SHERIDAN — Reports of domestic violence in Sheridan County reached their highest level in five years in 2016, but law enforcement and advocacy groups have a difficult time determining if the numbers indicate an increase in crimes committed or an increase in victims reporting those crimes.
The culture around domestic violence looks different than it did 20 years ago. While Wyoming and Sheridan experienced an increase in reports of domestic violence, the state and community also witnessed a change in the culture around how society looks at the crimes.
“I think the change in society — it’s not acceptable at all anymore in general society,” Sheridan County Sheriff Allen Thompson said. “It kind of was in the ‘90s, definitely was in the ‘80s. It was a different world. But the changes in laws and the social norms have come a long way in the last 20 years and that’s a great thing.”
When he entered law enforcement, Thompson said he worked with officers and deputies in the era of victim blaming and shaming, with many asking what the victim did to set off or provoke the perpetrator.
“It’s embarrassing,” Thompson said. “The social norms at the time were unbelievably different than they are right now.”
Sheridan County Deputy and Prosecuting Attorney Dianna Bennett agreed that a culture shift has occurred, saying that when she was a kid, domestic violence was prosecuted less and law enforcement wasn’t as in tune to it as they are today.
Thompson said he made at least two arrests per week related to domestic violence when he first started at the Sheridan Police Department, which as an entity, made between five and 10 per week during that time period. Changing laws make it hard to track how many domestic violence crimes took place over the years. Battery charges were reassessed to reflect batteries and assaults specific to domestic situations, or incidents involving household members.
The SCSO recorded five domestic batteries in 2015, 15 in 2016 and 12 so far in 2017. Domestic assaults did not reach higher than two per year from 2014 to 2016 and there have been three reported so far this year. Only 51.9 percent of Wyoming’s assault incidents in 2016 resulted in arrests, according to the Crime in Wyoming uniform crime report published by the Division of Criminal Investigation.
The Sheridan Police Department’s CrimeReports website reported 203 family offenses through Oct. 11 in 2017. In all of 2016, a total of 276 family offenses were reported.
While the culture shift has brought domestic violence into the public eye, much work remains in the prosecution and public perception of the crimes.
It was only last year, after multiple reports of domestic violence cases — such as that of NFL player Ray Rice hitting his then-fiancee in an elevator — that the NFL revised its personal conduct policies.
The policy was changed so that regardless of conviction, NFL players would be subject to discipline. Violations that involve felony criminal assault or battery, domestic violence, dating violence, child abuse and other forms of family violence or sexual assault can result in players receiving six-game suspensions without pay. A second offense will result in permanent banishment from the NFL with the opportunity to petition for reinstatement after one year.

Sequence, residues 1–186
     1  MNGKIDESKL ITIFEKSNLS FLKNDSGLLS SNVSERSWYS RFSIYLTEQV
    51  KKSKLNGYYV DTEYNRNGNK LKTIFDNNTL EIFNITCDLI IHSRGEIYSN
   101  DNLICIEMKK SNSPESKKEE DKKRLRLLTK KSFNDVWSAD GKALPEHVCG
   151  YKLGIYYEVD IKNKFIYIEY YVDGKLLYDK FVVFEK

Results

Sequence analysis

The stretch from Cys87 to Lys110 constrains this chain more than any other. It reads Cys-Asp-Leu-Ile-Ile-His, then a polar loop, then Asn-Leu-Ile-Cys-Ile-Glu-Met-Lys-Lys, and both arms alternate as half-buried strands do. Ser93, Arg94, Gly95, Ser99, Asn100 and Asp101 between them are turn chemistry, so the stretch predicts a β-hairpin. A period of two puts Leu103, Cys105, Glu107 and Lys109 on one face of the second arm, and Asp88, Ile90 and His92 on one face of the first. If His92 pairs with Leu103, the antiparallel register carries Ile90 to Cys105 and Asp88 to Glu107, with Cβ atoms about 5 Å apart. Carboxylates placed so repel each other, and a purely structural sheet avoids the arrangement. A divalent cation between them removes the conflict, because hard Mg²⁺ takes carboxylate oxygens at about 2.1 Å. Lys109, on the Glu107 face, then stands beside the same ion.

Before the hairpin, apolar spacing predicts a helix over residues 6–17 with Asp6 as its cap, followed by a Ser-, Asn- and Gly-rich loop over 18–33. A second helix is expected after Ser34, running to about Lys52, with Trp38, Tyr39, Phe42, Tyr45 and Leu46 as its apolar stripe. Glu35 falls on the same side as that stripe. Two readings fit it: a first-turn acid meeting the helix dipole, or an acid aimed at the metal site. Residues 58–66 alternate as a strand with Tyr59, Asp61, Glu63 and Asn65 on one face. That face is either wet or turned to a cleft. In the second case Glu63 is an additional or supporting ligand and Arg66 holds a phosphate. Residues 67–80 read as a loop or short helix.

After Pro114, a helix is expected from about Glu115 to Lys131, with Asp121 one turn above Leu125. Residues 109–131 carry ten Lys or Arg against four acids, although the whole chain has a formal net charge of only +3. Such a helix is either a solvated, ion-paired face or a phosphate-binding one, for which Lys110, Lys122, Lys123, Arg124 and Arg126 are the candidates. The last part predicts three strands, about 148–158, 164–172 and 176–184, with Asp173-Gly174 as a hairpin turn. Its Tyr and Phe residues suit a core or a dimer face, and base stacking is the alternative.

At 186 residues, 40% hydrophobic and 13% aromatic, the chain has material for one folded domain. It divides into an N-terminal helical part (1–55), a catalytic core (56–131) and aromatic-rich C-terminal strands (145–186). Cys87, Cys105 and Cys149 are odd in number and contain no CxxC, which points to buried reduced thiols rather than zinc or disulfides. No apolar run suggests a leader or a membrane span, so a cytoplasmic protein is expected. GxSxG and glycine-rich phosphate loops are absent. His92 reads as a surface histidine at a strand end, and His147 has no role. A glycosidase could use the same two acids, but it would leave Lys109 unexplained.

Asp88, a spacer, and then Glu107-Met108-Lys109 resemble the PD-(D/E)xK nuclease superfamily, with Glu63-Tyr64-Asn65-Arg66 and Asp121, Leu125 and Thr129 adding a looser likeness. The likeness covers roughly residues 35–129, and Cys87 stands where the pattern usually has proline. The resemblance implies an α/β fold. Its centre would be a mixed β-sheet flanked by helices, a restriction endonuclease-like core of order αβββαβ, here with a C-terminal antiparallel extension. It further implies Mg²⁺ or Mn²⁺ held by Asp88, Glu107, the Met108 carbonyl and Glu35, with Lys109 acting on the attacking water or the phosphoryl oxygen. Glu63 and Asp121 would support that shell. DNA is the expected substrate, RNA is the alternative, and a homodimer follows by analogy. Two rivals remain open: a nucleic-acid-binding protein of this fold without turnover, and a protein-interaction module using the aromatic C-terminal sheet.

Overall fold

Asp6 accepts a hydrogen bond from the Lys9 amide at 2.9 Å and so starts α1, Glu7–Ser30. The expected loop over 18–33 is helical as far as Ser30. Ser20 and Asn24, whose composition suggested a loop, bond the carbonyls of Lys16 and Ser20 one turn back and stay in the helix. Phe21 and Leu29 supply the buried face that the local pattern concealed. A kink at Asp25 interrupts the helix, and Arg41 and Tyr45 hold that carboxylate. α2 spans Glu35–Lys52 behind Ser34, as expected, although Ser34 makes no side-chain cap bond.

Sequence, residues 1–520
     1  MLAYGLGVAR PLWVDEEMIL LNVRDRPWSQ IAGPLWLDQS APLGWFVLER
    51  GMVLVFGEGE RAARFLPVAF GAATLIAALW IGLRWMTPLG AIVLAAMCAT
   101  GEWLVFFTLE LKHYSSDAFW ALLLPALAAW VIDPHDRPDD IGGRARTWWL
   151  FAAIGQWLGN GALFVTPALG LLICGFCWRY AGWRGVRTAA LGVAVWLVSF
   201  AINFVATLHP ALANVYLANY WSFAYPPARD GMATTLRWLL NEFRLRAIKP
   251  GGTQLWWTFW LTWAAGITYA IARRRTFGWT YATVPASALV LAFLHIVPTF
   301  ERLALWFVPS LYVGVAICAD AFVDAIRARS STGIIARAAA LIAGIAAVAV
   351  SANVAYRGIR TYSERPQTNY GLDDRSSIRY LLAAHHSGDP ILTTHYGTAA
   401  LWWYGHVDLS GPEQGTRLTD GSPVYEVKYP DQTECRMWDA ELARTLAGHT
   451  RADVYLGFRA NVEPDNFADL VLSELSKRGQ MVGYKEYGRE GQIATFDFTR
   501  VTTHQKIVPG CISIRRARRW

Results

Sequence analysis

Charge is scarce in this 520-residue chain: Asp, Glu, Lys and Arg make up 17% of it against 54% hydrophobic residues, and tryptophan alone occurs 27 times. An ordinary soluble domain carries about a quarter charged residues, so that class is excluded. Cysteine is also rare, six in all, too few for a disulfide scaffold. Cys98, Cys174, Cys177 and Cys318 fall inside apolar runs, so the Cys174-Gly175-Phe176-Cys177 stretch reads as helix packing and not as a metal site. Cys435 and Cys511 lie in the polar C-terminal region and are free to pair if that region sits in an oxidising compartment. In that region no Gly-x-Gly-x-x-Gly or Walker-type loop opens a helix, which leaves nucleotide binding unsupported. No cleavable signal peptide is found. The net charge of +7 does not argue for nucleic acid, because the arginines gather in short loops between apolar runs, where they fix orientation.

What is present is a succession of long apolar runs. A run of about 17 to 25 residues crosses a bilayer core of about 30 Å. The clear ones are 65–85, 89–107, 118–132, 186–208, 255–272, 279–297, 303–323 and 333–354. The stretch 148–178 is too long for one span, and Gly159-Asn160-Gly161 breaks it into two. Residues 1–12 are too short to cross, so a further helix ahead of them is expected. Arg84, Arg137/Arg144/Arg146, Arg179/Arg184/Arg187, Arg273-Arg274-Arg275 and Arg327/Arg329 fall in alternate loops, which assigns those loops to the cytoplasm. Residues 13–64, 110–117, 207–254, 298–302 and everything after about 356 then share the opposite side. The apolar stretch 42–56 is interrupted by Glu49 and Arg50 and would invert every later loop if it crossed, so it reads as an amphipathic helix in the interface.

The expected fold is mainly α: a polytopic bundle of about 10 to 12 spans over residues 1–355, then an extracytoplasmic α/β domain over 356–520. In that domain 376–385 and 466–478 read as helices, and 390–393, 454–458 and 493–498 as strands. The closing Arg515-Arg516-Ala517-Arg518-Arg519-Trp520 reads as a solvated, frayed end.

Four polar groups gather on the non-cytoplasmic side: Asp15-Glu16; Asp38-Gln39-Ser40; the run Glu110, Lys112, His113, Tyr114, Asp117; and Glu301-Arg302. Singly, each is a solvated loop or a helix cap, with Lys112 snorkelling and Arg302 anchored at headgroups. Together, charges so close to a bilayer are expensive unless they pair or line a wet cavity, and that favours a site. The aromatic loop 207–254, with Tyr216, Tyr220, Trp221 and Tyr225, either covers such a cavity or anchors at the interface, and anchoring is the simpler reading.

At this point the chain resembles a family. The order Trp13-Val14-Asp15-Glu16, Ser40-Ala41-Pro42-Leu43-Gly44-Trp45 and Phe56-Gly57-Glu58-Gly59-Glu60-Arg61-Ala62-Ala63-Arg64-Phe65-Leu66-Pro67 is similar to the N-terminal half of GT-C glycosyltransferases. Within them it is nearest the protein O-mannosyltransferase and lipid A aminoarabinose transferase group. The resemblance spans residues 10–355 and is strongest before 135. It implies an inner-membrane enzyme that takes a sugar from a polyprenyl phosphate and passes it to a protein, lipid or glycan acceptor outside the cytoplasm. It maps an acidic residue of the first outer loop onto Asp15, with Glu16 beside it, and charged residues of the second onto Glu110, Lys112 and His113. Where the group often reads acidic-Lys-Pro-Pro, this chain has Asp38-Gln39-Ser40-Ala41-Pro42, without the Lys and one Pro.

Bleacher Report magazine reported the NFL enforcing the suspension punishments against two of 18 players publicly linked to domestic violence allegations since the new policy.
Punishments for domestic battery and assault in Wyoming may include fines of up to $750 and not more than six months of imprisonment if the perpetrator was previously convicted of domestic assault or battery or a similar offense. Another conviction within five years bumps up the sentence to a maximum of one year imprisonment and a fine of $1,000. Two or more convictions within 10 years increases the fine to $2,000 and the sentence to a maximum of five years.
Bennett said since laws changed to define assaults and batteries against household members, offenders also face other consequences under federal law, including the loss of the right to own firearms.
Unleashing the secret
Events like the March Against Family Violence and coalitions forming around the issue helped change the culture of secrecy that surrounded domestic violence.
“I think awareness here, like nationwide, is better,” Bennett said. “I think it was a secret; I think people are more willing to talk about it now and we have something like the Advocacy and Resource Center. I imagine 30 years ago they didn’t have any such thing.”
In 2016, the center reported 224 victims of domestic violence and 33 victims of assault. These numbers count each victim only one time, regardless of how often advocates met with the victim throughout the year.
“I know that our awareness campaigns nationally are louder,” said Yvonne Swanson, a volunteer coordinator and victim advocate for Sheridan’s Advocacy and Resource Center. “It’s being talked about more between our professional sports and our news…information is getting out.”
Numbers can indicate trends, but the true success in reducing domestic violence remains unknown.
“It’s hard to answer that question, too, because when our numbers for the month or the year increases with the amount of people we see for domestic violence-related incidents, we can’t really tell whether it’s because it’s happening more or it’s because people are feeling safer to come in, more supported to come in and maybe we’re in contact with more people because of that,” victim advocate Cassidy Drew said.